I've been thinking about the controversy behind Kickstarter and other crowd-funding services, and I just don't get it. I think it's such a good idea and the arguments against it just don't make any sense. Sure, they can make money by working, touring, and selling merch, but touring isn't always a very lucrative option, and hey, the way I see it, Kickstarter is just like selling merch anyway. There are no "handouts" being given here, and even if there were, what's it to you if a fan wants to give their own money to a band they love if it goes strictly into a new album or van or whatever? With that being said, there is a small little problem with the execution that I wanted to talk about here (points to anyone who finds a few specific campaigns I called out).
Basically, the way I see it, Kickstarter could appeal to a lot more people if these bands did it right. A lot of them do, but a lot of them lean towards methods that are a little sketchy. One of these methods is the practice of offering a limited run of shirts, vinyl, what have you. This is just greedy the way I see it. You could easily be giving out the shirts you already printed that are cluttering up your online merch stores, the pressings of vinyl you already released, etc. If you make a special limited edition shirt and expect your fans to pay extra for it, you're taking more money than you have to from your fans and you and all of Kickstarter look worse because of it. So just don't do it.
Another problem is asking for too much money. Kickstarter is here to help give your fans an avenue to more effectively help you, more effectively than they were already. However, all they're doing is helping you. They're not doing everything for you. If you want to go all out, do the most elaborate packaging, marketing, recording, and mastering package possible, that's great, more power to you. But your fans should NOT have to cover all of that for you. If it really costs $150,000 or whatever, have your fans cover $75,000 and deal with the remainder (or at least the cut Kickstarter takes out) yourself (and please, show them EXACTLY where every cent of that huge number is going). We know you aren't completely broke and you can work to cover some of that yourself. Seriously, an enormous goal like that will make your fans think they have to go for the giant packages just to get anything (because they know that if you don't meet your goal, you don't get shit). And if you tell them this and use it as a way to get them to pledge more money, then you're just a terrible person.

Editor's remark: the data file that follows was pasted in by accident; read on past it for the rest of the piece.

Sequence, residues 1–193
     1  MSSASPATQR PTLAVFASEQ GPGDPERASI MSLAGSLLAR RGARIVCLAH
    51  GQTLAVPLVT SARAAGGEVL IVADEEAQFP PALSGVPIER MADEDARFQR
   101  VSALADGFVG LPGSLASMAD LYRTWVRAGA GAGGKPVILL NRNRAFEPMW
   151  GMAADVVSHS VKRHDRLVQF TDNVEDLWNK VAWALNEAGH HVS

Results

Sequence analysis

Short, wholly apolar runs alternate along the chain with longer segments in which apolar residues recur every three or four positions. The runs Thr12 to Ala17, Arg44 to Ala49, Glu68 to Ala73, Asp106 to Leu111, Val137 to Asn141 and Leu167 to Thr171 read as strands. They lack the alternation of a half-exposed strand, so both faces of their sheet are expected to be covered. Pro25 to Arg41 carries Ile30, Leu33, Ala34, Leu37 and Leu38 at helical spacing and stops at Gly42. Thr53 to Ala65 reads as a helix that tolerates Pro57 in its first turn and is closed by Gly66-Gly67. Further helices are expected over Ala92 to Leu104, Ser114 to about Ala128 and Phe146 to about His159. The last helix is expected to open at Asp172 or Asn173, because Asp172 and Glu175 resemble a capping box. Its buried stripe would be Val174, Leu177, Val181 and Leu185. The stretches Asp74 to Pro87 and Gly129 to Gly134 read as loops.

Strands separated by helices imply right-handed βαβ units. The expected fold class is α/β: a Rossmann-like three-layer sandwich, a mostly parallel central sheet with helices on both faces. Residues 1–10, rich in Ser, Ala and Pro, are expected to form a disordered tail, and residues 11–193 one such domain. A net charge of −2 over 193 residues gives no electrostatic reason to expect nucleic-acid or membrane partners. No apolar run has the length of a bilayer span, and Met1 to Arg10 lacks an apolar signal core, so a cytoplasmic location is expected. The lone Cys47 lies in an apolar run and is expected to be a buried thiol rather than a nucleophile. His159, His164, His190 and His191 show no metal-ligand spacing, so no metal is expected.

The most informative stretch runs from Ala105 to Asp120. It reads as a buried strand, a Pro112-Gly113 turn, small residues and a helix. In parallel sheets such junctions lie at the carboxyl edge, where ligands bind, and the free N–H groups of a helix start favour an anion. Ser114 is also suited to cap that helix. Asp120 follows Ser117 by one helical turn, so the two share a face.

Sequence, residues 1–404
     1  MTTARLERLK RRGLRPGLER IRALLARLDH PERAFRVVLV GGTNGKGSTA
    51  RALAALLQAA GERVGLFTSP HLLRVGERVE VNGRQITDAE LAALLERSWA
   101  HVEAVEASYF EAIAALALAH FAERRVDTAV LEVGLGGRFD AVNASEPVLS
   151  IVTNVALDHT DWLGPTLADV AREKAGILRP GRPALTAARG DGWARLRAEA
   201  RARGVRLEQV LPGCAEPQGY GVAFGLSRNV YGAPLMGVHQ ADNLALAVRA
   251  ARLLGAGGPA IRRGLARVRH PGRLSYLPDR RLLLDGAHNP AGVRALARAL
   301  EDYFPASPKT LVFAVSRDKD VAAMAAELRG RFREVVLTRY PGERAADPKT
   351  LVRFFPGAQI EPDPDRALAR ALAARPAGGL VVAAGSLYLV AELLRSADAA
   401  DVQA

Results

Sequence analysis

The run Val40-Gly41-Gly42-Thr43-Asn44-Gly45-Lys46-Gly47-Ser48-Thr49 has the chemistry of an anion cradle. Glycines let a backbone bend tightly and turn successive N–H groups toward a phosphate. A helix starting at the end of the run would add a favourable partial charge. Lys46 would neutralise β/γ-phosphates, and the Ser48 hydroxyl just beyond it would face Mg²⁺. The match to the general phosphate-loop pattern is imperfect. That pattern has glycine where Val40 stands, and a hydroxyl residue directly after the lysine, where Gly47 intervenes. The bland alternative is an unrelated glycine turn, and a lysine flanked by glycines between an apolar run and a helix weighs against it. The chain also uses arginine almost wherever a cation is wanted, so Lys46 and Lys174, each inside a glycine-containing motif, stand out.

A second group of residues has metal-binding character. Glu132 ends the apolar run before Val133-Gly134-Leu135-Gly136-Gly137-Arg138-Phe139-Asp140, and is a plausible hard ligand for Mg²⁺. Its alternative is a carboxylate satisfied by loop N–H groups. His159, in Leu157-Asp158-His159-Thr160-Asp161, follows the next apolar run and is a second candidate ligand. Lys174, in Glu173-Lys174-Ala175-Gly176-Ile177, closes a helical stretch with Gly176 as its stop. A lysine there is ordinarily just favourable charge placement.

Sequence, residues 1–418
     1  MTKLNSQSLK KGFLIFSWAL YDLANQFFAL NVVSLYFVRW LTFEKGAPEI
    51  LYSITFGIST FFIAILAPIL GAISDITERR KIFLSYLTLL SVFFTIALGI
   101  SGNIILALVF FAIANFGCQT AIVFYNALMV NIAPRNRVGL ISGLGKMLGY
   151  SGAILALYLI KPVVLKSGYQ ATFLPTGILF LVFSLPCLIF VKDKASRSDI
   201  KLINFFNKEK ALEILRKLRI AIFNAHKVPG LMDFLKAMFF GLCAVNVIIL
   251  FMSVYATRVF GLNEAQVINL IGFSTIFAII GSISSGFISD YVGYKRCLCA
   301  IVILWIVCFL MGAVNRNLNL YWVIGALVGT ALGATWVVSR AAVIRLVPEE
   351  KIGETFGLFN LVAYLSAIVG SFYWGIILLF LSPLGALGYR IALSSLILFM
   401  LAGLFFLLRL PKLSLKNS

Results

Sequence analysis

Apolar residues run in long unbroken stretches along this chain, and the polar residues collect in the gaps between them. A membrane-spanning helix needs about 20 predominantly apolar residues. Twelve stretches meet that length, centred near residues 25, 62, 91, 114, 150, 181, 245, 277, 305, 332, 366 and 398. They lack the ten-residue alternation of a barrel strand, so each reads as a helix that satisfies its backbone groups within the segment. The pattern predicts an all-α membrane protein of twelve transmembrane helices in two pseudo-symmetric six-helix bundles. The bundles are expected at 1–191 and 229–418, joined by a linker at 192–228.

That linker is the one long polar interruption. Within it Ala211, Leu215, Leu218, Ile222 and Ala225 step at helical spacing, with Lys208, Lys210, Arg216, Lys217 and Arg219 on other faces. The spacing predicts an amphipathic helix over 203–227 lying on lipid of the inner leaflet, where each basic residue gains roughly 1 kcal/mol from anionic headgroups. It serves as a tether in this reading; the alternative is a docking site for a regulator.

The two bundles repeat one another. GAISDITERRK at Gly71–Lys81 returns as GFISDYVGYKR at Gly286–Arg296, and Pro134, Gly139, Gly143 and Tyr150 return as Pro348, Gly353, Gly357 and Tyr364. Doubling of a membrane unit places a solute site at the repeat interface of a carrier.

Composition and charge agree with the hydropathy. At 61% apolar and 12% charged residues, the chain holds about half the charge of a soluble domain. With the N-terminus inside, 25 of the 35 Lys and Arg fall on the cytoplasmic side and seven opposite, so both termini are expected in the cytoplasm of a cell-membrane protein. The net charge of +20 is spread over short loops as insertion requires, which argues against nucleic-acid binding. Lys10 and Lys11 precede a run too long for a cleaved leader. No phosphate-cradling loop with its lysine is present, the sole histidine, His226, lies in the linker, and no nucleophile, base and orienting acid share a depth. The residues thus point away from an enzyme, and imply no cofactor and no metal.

It's even worse when these large goals match up with expensive packages. I mean, NO ONE would normally spend $1,250 to fucking eat pizza with someone, and you know damn well you wouldn't, so don't ask your fans to. I mean, I don't care if you offer the pledge, but keep in mind you're offering once in a lifetime opportunities, so fans ARE going to chip in more than they normally would to get them. To take advantage of that is despicable. It is their money to do whatever they want with, and I respect that, but just don't be a greedy asshole. You're not worth that much, I'm sorry.
There are a few other little, less common issues I've seen. Don't charge more for your signatures, don't limit the number of reward packages so your fans end up spending more than they want to get something you're offering, etc. Those don't make as much of a difference, but if you take a look back from a fan's perspective and use a little common sense, you should be able to realize what rewards you're offering that are a little unfair to your fans. Once you fix those, maybe people will stop bitching about Kickstarter and actually support your endeavors. Kickstarter has the potential to be universally accepted and a really effective way for all bands to fulfill their goals, but we all just have to work together a little bit to make it so.